Friday, 15 August 2014

Please let it be October soon...(13/08/2014)

I am seriously starting to miss the migratory season. To be more specific, migratory open country and water birds. So much so, that I made an off-season visit to the marshlands of Pulau Burung in mainland Penang. The presence of a few early arrival or over-wintering waders like the Common Sandpiper and Wood Sandpiper did very little to compensate my yearning for the return of the migratory season. Cattle Egrets are found in big numbers at this vicinity throughout the year but I am not sure if they have start breeding here as well.

They have adapted well to the way of life here with the landfill providing an everlasting supply of food and the surrounding habitats, a place for them to thrive and indulge. I guess the birds have found their own little piece of heaven on earth.

Despite all the destruction that the marshlands had to endure of late, I am quite relieved to see the Black-winged Stilts still breeding and calling this place home. Their elegance and beauty will be sorely missed if they decide to abandon this site for greener pastures. And we have no one to blame but ourselves – humans. The so-called intelligent life form that is capable of creating something from nothing. Sadly, humans are also capable of turning something into nothing. The concrete walkway and benches, the perimeter fencing, the tarmac access road, the “clean marshlands” is slowly but surely killing off the place. This is a snippet from an article I wrote back in 2009 about this locality in the Naturalist, a quarterly magazine for the Malaysian nature Society. “I hope the day will never come when the ballerinas (Black-winged Stilts) are forced to perform one last time in the audience of angels (Whiskered Terns) before departing from a diminishing paradise and never to return again.” Well, that day is almost here. It is just a matter of time.

With that aside, I am delighted to see quite a number of young birds out and about. It looks like it was a relatively good season for the birds here. The Red-wattled Lapwing is another sedentary wader that breeds here. This young bird is enjoying some time in the sun.

Like the Cattle Egret, the Jungle Myna also relishes the company of cattle and can be seen striding on the backs of the mammalian companions. This myna is one of the few native mynas to Malaysia but the population is struggling against the more aggressive and adaptable introduced species of mynas. But at least here they seemed to holding out fine. Quite a number of juveniles were seen foraging under the supervision of the parent birds. One was a little more inquisitive than the rest and came quite close to investigate this huge, lumbering beast on four wheels.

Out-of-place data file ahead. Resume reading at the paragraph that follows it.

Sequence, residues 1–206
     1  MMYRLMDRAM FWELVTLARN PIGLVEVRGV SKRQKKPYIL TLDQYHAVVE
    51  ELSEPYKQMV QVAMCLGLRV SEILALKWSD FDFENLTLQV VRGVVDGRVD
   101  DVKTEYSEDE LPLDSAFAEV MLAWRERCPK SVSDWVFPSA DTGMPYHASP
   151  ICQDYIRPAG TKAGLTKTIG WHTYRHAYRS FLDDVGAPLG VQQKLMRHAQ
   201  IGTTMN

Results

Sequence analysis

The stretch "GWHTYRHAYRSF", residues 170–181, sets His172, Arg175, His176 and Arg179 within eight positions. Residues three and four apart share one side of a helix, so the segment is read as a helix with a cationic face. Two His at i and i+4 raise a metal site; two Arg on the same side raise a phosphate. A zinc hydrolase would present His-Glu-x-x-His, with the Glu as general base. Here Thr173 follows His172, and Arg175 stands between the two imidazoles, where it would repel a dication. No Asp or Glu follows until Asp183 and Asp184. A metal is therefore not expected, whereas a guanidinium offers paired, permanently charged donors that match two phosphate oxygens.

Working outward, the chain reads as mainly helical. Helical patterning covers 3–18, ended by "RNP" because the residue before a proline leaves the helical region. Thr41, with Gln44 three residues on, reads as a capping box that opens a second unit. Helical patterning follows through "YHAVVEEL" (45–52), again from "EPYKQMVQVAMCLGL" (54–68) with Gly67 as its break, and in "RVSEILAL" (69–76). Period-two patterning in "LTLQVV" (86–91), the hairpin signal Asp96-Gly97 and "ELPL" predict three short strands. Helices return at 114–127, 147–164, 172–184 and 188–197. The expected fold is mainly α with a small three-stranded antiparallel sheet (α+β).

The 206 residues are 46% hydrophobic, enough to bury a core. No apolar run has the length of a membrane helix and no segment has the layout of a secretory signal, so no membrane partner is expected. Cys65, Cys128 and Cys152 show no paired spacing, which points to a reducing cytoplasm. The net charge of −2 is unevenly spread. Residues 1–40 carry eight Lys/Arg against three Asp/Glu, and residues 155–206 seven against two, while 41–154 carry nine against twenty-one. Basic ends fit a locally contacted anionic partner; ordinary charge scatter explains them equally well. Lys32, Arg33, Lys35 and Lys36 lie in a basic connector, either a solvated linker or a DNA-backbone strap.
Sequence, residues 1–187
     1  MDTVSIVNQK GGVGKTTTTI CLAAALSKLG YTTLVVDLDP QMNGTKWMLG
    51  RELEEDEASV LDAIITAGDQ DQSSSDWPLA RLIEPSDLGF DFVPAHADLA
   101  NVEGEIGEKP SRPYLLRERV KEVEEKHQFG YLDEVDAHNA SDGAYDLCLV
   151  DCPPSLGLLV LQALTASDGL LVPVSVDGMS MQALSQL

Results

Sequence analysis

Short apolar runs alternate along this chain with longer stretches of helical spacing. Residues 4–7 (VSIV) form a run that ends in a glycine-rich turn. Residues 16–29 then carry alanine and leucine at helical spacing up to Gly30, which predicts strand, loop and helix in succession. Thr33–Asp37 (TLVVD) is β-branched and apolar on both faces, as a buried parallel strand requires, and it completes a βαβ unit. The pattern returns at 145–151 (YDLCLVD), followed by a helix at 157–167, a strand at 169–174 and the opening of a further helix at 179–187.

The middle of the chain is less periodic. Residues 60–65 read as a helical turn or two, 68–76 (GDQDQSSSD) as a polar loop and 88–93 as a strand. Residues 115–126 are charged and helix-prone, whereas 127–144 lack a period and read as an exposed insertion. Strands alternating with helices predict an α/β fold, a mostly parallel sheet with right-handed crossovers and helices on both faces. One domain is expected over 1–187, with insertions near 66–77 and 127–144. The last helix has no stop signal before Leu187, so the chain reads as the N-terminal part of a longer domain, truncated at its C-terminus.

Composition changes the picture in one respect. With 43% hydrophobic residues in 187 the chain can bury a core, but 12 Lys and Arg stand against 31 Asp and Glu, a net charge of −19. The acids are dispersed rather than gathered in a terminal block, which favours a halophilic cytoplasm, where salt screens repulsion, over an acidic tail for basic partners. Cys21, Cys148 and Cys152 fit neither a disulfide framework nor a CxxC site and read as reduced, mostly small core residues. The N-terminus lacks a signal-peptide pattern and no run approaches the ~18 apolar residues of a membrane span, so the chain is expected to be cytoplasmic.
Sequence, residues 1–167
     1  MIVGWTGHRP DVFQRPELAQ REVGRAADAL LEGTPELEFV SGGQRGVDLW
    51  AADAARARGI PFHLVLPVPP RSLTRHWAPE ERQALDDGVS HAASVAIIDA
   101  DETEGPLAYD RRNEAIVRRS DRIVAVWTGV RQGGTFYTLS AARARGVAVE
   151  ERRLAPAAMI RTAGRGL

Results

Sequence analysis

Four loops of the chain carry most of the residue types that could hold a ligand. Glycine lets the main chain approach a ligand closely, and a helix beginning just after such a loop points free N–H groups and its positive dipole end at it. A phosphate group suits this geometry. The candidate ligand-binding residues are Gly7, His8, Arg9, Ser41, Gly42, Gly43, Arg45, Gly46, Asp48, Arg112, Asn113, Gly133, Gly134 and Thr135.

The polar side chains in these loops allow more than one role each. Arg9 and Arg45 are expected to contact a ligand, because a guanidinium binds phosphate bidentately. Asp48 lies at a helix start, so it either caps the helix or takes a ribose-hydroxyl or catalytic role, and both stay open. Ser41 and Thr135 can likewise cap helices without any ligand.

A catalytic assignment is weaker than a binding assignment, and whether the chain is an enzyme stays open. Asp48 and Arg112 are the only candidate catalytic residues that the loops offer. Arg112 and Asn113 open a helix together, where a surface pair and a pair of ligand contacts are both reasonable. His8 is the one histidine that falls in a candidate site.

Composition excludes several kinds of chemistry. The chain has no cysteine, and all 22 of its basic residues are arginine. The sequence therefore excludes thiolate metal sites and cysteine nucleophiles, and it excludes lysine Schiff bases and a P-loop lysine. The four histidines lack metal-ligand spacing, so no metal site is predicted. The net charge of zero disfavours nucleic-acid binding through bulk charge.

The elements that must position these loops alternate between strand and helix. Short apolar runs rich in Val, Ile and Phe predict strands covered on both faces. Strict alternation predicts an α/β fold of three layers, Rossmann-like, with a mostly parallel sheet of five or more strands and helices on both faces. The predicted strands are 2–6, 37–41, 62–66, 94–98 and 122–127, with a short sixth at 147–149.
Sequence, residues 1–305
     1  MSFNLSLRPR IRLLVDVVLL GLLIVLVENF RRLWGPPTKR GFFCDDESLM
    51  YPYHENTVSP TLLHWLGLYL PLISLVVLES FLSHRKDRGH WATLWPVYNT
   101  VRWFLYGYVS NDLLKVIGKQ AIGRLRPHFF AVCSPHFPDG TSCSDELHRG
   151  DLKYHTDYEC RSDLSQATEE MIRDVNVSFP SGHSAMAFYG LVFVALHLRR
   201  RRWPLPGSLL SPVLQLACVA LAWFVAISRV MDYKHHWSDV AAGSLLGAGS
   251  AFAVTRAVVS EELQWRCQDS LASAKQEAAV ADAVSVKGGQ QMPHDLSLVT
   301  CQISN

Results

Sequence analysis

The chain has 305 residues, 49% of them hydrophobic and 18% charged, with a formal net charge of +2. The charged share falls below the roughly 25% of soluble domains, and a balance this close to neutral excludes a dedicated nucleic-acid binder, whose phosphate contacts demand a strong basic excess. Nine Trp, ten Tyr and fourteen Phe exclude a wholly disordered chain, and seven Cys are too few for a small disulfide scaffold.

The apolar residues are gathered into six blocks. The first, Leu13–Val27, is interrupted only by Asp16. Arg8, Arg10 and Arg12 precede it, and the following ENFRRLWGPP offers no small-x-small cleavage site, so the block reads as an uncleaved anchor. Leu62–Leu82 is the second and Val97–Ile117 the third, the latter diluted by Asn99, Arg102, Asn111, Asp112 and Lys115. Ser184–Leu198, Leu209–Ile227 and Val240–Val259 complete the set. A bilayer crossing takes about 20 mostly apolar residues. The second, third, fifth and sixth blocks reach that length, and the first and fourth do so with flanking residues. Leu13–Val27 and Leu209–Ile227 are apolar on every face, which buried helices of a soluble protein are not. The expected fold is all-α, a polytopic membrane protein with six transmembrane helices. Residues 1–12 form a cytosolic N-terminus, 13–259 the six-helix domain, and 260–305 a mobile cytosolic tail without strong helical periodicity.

The surrounding mangroves have always been the domain of the Collared Kingfisher.    Bold, loud and beautiful - it is one bird that one can rarely miss out on any given day. I caught this young one taking a breather from learning the lessons of life and survival from its parents. But moments later a piercing call from one of the parents sent him deeper into the safety of the mangroves.

Parent birds have every reason to be cautious because danger is ever-present. Where there is prey, there is bound to be predators. Brahminy Kites are one of the several raptors are regularly seen here. Being more scavengers than true hunters, they normally not pose any threats to other birds. However, an ignorant juvenile could make an easy meal.

Zebra Doves are used to be called Peaceful Doves and I find the old name describes this species more accurately. They are indeed docile animals and most of the time, confiding and tame as well. The population throughout Malaysia is doing relatively well despite the fact that this little dove is trapped for the bird trade.

The Oriental Magpie-robin is not so fortunate. Cursed for being amazing songsters, its population has been reduced significantly by the bird trade. Once occurring in gardens and parks, the beautiful song of this robin may one day be completely wiped out even from the rural settlements let alone well-developed areas. Anyways, this handsome male is a fine way to end a surprisingly good trip despite the fact that it is not the best time of the year to make a visit here because the migratory season peaks in October. That is the time when this locality truly comes alive.


John Holmes said...

Fortunately, Magpie Robins are still common here in HK….I can hear one now.

Choy Wai Mun said...

Good for you, John. And the Magpie-robins.